“Don’t worry, Gran. We’ll get you back,” my sister said as the doctor reviewed the medical records. We hardly recognized the woman who had come to live with us. Her once-tailored clothes sagged on her petite frame, making her recent 15-pound weight loss look even greater. The elder care specialist assured us that Gran’s weight loss and confusion should improve, as long as we make sure she takes her medicine and eats regularly. Gran’s eyes told another story. Their sunken appearance had relented to the intravenous fluids and scheduled meals she received in the hospital, but a more ominous, bewildered gaze replaced it. And her mouth refused to contribute any words to the narrative.

Gran had been in our house for a month and still hadn’t uttered a single word. Her lifelong chatty disposition exchanged for silent confusion. Her disconnection epitomized in a cold, blank stare. It seemed nothing could break it.

We digitally restored a tattered and discolored photo of us, her only grandchildren, visiting her on her tour bus. Her response was a blank stare.

We cooked her favorite red beans and rice for three painstaking hours, just like she’d taught us. The heartwarming smell of the creamy sauce lingered in the summer air and wafted as far as the driveway. It was all lost on Gran. Her response was the same blank stare.

My once vibrant grandmother was gone, but her stare wasn’t totally unfamiliar. I’d seen the same look on Gran’s face 10 years ago when I was sixteen, after she broke her leg coming down from the stage. She postponed the remainder of her nationwide tour for two months while she recuperated at our house. Nothing could have been worse for my teenaged angst than sharing a bedroom with an opinionated gospel singer. Gran had earned a reputation as our family’s taskmaster with as much diligence as she had earned her international singing awards. She was the sun around which our family rotated. I braced for her incessant talking and imposing reflections about my wardrobe and room decor. But my preparation was useless. Gran refused to talk. I could only judge her mood by the songs she sang—at full volume, regardless of the time. When she first arrived, the slow, mournful spirituals she belted in the middle of the night unnerved me so much I had nightmares. But as she healed, her bedside choral expressions transitioned to upbeat, a cappella praise songs that I craved after she left us to resume her travels.

Gran had toured around the world for as long as I could remember. She was preparing to retire when our parents died in the car crash, but she kept working so we could finish college without student loans. She was independent and stubborn. But when she nearly burned down her apartment building last month for the third time and landed in the hospital, my sister and I moved in together to take care of her.

Gran was disoriented and gaunt when the emergency responders found her. My sister and I navigated through a barrage of follow-up appointments to help Gran return to her baseline. A hearing specialist determined that Gran’s hearing aids weren’t working properly, and we bought the savviest replacements on the market. My sister paired them with her cell phone, tailoring the settings to Gran’s needs. We saw a flicker in Gran’s eyes when the first sounds were transmitted. Her gaze met mine, but then I lost contact, as if she’d recognized an old friend and recoiled once she realized it was a case of mistaken identity. My sister grabbed Gran and hugged her tight, muttering, “Don’t worry, Gran. We’ll get you back.”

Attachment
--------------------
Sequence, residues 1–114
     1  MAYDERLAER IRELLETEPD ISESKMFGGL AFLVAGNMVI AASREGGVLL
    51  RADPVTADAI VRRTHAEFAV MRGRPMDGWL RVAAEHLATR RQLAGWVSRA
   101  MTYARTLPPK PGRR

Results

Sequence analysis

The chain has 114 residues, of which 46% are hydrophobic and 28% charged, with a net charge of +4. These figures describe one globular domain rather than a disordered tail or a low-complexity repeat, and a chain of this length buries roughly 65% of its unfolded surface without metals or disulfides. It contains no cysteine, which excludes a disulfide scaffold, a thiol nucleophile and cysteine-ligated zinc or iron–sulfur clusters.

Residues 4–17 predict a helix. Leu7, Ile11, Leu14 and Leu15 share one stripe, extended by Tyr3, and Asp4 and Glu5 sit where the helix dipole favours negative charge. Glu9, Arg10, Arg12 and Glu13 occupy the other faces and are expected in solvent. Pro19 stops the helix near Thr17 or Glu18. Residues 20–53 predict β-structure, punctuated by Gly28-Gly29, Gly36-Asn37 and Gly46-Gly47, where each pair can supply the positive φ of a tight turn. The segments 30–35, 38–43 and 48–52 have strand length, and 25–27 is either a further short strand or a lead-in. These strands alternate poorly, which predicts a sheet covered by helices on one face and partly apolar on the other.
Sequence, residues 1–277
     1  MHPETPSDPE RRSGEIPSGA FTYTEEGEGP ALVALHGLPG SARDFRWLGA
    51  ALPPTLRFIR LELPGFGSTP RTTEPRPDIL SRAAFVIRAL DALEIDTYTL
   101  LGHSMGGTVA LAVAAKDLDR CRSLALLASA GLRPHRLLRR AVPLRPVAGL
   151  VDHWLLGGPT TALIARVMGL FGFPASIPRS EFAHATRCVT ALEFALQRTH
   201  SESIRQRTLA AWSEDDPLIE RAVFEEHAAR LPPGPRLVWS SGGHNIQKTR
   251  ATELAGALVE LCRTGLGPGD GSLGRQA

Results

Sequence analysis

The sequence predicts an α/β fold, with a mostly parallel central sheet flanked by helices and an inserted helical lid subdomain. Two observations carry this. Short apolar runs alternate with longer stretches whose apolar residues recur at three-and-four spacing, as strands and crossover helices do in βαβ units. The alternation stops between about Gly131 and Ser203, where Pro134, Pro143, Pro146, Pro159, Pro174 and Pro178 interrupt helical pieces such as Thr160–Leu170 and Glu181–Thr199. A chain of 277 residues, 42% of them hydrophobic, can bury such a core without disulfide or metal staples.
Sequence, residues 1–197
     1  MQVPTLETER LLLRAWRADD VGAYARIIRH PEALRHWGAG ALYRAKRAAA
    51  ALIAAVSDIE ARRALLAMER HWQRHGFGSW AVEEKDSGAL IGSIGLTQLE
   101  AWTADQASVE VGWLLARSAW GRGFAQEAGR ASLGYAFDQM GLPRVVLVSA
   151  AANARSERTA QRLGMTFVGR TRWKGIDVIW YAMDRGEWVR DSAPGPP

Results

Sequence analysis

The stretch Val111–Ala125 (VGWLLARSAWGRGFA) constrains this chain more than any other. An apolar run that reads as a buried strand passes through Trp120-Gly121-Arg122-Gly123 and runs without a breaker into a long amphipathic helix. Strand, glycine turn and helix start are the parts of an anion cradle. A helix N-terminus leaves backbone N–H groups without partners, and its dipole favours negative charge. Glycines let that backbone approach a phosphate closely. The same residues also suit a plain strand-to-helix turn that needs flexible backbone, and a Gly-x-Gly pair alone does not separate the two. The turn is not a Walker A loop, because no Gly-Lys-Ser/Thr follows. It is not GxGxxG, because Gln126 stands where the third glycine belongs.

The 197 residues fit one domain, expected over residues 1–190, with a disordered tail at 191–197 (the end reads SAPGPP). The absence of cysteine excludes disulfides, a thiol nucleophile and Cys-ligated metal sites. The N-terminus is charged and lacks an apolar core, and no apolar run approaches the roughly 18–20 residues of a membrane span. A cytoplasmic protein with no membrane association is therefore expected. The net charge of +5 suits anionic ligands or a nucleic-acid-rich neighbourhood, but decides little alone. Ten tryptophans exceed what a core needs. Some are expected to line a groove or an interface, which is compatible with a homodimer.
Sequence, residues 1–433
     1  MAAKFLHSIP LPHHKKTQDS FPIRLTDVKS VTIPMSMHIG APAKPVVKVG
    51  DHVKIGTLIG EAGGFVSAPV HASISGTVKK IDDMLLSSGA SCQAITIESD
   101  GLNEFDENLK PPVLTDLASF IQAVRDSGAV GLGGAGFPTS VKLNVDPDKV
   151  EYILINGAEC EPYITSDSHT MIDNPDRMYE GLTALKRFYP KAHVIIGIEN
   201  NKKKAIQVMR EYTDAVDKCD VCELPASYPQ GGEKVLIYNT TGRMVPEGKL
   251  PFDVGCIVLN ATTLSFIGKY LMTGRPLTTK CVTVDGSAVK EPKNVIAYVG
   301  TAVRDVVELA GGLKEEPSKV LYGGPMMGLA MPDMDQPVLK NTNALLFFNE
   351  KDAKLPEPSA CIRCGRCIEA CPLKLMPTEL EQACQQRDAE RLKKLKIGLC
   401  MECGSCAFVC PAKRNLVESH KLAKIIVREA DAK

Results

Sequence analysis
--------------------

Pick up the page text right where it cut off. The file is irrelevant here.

Just as the sun rose the following morning, I awakened to a familiar voice. “Would you turn the music up?” Gran asked melodically as she wandered into my bedroom, her body swaying with the worship dance she performed in the middle of the floor. I didn’t hear any music, but my grandmother was finally speaking. I opened my mouth to respond, but I couldn’t find any words. Tears streamed down my face.

“Why are you crying? Hark! The herald angels are singing! This is the joyous season of our Lord’s birth. Why are there no Christmas decorations in this house? We raised you better than that. Get up and find the decorations. They’re playing my Christmas album. Do you remember when I recorded it live at the old church?” she asked.

I could never forget the Christmas concert — the first time I saw Gran sing in public. I was only six years old, but I noticed she was different when she sang. Gran transformed. She was calm. Her voice was gentle and soothing. I wafted on every note.

“Are you listening to me? How long does this music stay on?” Gran probed.

“Yes, ma’am. Sit here for just a minute. I’ll be right back,” I said as I settled Gran on my bed and then darted to my sister’s room.

“Gran’s losing it,” I whispered as I shook my sister awake. “She’s hearing voices. Or music. Oh, I don’t know. It’s June. She thinks it’s Christmas. She’s talking. But it doesn’t make sense. Something’s definitely wrong. We should bring her back to the hospital. She’s got some kind of psychosis.”

My sister stirred, nearly eyeing me like Gran had for the past month. Then it registered. “Yes!” my sister cackled. “I mean, no, it’s not psychosis. Didn’t I tell you?  I started streaming a playlist of her gospel songs last night? I set it up through my phone. I thought she might like it since she got her hearing aids,” she explained.

We heard Gran’s footsteps in the hallway and followed her into the living room. She walked to the open space in front of the television and stopped on an invisible mark on the floor. As if on cue, Gran began to sing, the delight shining through her eyes. She was finally back home.

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